By Dan Bernstein-
CBSChicago.com Senior Columnist
(CBS) I was wrong.READ MORE: Thieves Keep Using Postal Master Keys To Steal Mail: How Are They Getting A Hold Of Those Keys?
I told myself that I was enough of a fan of PGA golf that the absence of one of the best athletes of my lifetime would not affect my enjoyment of the sport. Some part of me actually believed that I would be equally thrilled and entertained by the rest of the best in the world, after Tiger Woods was forced into exile and mediocrity by an ugly combination of tabloid hell and leg injuries.
Seriously, I’m an idiot. I probably would have been the guy in 1946 saying “Yeah, Curly’s real funny and everything, but it’s not really about him. I’ll be lining up for this Shemp guy.”
True greatness is rare enough. What almost never happens, though, is potential greatness becoming real faster than we ever imagined, and then transcending what seemed like impossibly high expectations.
Some of us enjoy sports for this phenomenon in particular, as we want historic talent to fulfill itself before our eyes, regardless of geography or team affiliation. We can look back on Ruth, Gretzky and Jordan and recognize what they were, with many able to appreciate their significance in real time as their careers established.
But Woods was (is?) unique. He was supposed to be great, was great immediately, and rocketed higher still on a trajectory alongside the best ever. We knew what we were seeing from the moment it began, understanding how extraordinary it was. And then it was over.
Today, he is ranked as the world’s 28th-best golfer.
Woods returns to action at this weekend’s Bridgestone Invitational, his knee and Achilles’ tendon declared healed, a new caddy in tow, and I’m rooting like hell for him.READ MORE: Chicago Weather: Wednesday Starts On A Chilly Note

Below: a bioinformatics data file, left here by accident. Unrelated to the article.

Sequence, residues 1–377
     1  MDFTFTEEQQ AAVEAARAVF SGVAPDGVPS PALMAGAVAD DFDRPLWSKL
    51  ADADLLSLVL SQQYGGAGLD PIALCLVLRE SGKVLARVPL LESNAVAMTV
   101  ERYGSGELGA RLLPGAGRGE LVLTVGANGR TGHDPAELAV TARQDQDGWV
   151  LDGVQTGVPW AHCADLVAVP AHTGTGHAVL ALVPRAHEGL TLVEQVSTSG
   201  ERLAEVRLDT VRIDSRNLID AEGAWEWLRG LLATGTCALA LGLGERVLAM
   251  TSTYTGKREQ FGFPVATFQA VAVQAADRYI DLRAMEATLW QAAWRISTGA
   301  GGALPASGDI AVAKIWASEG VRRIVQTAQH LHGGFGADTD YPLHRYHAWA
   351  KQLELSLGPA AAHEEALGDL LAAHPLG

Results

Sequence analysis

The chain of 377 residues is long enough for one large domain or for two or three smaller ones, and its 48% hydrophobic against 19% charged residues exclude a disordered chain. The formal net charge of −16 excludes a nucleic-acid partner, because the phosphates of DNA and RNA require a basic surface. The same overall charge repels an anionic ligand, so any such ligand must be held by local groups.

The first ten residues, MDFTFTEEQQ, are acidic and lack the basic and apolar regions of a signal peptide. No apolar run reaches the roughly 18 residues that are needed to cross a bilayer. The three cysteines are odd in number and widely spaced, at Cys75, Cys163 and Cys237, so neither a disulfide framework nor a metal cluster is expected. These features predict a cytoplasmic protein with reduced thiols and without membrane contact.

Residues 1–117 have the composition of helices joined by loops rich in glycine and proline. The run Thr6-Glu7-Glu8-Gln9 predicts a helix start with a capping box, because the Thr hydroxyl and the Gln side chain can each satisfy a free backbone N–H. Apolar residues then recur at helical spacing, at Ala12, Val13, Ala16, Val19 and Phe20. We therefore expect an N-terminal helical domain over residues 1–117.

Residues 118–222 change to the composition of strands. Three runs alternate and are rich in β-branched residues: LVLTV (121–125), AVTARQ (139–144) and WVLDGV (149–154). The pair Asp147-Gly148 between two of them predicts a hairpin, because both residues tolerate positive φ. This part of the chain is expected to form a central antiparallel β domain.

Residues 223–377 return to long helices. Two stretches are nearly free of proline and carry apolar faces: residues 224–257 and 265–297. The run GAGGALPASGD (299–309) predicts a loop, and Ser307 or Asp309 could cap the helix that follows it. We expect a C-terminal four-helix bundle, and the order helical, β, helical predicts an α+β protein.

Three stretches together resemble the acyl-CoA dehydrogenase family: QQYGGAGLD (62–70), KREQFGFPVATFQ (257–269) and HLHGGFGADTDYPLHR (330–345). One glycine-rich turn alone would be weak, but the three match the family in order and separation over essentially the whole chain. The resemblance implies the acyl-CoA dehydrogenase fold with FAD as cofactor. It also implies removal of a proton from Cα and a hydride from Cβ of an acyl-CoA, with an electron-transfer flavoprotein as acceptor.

I want my electric Sunday afternoons again. Nothing against affable Northern Irishmen of recent variety — be they sweet-swinging moppets, steely competitors or gray-haired blokes – but they don’t have me checking leaderboards on my phone at a tee-ball game, or glued to the HD action later as the shadows lengthen.
We have not replaced those galvanizing moments during majors when strangers cluster around screens to follow the roars and fist-pumps, watching with jaws agape as another approach backspin-zips to a spot three feet from the pin, or a wayward drive is saved by an intentionally-hooked seven iron from an impossible angle.
Here’s the simple image of the golf I now know I need. It’s a brown man in a red shirt and a black hat, hitting a white ball on green grass. I admire the talent of everybody else, but nothing replaces the great and important.
Woods is back, as we are reconciling the possibility that he may never be what he was. His window for prime-career play is closing, with the field more skilled than ever. He may never be…Back.
These stories don’t usually have movie-ready endings, but there is one that comes to mind when I think about this weekend and the 2011 PGA Championship next week:
Peter Parker, torn between fixing his messy personal life and living up to the responsibility thrust upon him by his super powers, sits in his apartment high above the city, when a siren wails in the distance. The question must be confronted – does he respond to the crisis, embracing his identity as someone compelled by his special abilities to do what others cannot?
His girlfriend, newly resolved in her commitment to him, provides the answer.
“Go get ‘em, Tiger.”
Dan Bernstein has been the co-host of “Boers and Bernstein” since 1999. He joined the station as a reporter/anchor in 1995. The Boers and Bernstein Show airs every weekday from 1PM to 6PM on The Score, 670AM. Read more of Bernstein’s blogs here. Follow him on Twitter @dan_bernstein.
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